Added: 16th November 2007
Views: 3015
Rating:
Posted By: Lava1964
The Outer Limits Similar in style to The Twilight Zone, though tending more toward hard science, space travel, time travel, and human evolution, it tried to examine in each show some form of the question, 'What is the nature of man?'. The Outer Limits was an anthology show in which each episode was a self-contained story, sometimes with a plot twist. In its original incarnation the show ran for two seasons from 1963 to 1965 in black-and-white. The original title was 'Please Stand By', but at the time, America was facing the Cuban Missile Crisis and the executives thought it might make people fearful of an air raid. This is why, later in the newer series when the show would cut to a commercial, the Control Voice said, "Please stand by." A tip-of-the-hat to the original series title.
Tags: The  Outer  Limits  original  series  anthology  60s 
Added: 28th July 2008
Views: 1439
Rating:
Posted By: Naomi
Hedy Lamar - Brains and Beauty Hedy Lamar combined brains and beauty. Her flight to America would make an excellent movie! Hedy was born in Austria in 1916. At age 17 - in the 1933 Czech film Ecstasy - she appeared in a steamy love scene, and swam nude in a 10 minute onscreen sequence. Ecstasy was banned in America for being indecent. At 19, her parents gave her into an arranged marriage with an Austrian arms dealer. She attended hundreds of parties as his trophy wife, mingling many times with Hitler and Mussolini, and lived in the Salzberg castle where The Sound of Music was later filmed. Hedy's husband was a control freak, and she fled him in dramatic fashions. In her first attempt, with her husband chasing her, she hid in a brothel. In desperation, with her husband stalking the halls of the brothel, she actually serviced a customer during her attempt to hide. In a later, successful escape, Hedy hired a maid who looked like her. She drugged the maid, donned her uniform, exited by the service entrance, and made her way to London. In some versions of this story, she escaped during a party, taking most of her jewels with her. Hedy later boarded a ship for America, and Louis B. Mayer signed her to a studio contract while en route to America, and still aboard ship. She must have been brilliant. While in America, Hedy co-invented a system of switching frequencies which is still used by the U.S. military to control some missiles. It's principles are also used in wireless internet technology, and in many cellphones. She got the idea while playing piano duets with her co-inventor: composer George Antheil. She would follow Antheil on the piano as he - switching from key to key and rhythm to rhythm - attempted both to throw her off, and to create interesting interplay.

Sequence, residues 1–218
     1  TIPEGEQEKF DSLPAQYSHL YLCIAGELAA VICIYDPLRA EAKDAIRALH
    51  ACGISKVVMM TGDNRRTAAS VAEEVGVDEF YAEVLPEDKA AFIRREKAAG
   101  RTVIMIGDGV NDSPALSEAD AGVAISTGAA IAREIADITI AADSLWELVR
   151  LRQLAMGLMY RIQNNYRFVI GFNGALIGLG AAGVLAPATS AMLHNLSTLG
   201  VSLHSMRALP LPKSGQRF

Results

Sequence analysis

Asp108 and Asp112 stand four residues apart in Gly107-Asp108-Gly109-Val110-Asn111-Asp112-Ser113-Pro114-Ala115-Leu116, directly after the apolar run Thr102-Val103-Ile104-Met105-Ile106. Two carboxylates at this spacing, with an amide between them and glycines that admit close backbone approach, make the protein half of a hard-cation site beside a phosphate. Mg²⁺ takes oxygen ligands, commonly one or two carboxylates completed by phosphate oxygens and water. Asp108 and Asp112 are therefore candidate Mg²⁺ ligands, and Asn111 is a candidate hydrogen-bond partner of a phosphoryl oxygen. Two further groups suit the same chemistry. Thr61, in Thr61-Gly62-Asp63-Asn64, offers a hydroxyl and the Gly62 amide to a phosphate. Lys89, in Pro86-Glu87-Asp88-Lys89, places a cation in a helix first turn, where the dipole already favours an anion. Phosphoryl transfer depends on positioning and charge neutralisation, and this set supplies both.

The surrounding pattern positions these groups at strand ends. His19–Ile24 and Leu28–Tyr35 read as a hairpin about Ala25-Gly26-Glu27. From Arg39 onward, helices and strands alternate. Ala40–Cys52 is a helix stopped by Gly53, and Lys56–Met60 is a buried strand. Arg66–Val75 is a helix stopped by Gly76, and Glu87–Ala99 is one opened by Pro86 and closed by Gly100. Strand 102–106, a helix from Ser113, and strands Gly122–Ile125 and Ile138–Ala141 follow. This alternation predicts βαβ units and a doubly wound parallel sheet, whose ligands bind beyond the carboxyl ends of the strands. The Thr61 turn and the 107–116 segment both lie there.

Tags: actress  Hedy  Lamar 
Added: 25th August 2011
Views: 2673
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Posted By: Lava1964
First Photo Of Earth From Space 1946 The first image of the Earth as seen from space was taken by a V2 rocket that was launched from the White Sands Missile Range in 1946.
Tags:  
Added: 4th December 2014
Views: 1358
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Posted By: WestVirginiaRebel